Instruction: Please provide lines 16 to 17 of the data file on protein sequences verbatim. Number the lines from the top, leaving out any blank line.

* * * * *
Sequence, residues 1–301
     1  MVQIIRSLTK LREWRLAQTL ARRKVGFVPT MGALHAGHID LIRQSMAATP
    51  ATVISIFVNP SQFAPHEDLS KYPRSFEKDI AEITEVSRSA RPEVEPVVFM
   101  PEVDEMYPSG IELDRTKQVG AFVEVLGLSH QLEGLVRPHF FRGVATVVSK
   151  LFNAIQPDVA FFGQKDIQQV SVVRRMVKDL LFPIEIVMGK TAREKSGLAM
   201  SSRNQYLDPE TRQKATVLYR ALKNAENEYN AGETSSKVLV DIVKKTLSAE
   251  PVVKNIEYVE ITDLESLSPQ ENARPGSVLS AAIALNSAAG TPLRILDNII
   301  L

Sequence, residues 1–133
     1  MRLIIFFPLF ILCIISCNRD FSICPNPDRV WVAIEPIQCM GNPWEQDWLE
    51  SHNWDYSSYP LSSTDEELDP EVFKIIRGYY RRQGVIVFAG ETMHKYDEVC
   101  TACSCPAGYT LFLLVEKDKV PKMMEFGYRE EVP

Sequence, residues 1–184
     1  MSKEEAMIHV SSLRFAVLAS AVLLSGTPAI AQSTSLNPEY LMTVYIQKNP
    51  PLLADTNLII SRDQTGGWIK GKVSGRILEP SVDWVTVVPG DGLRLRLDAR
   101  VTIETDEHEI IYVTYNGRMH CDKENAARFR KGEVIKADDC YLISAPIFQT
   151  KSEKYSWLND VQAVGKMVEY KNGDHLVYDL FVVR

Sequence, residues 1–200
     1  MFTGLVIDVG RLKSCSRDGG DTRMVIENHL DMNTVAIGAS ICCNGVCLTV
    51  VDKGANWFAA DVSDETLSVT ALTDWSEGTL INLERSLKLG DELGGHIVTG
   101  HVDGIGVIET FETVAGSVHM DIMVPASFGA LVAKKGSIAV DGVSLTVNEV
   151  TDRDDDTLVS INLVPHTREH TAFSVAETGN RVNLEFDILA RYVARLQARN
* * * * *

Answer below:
   101  VTIETDEHEI IYVTYNGRMH CDKENAARFR KGEVIKADDC YLISAPIFQT
   151  KSEKYSWLND VQAVGKMVEY KNGDHLVYDL FVVR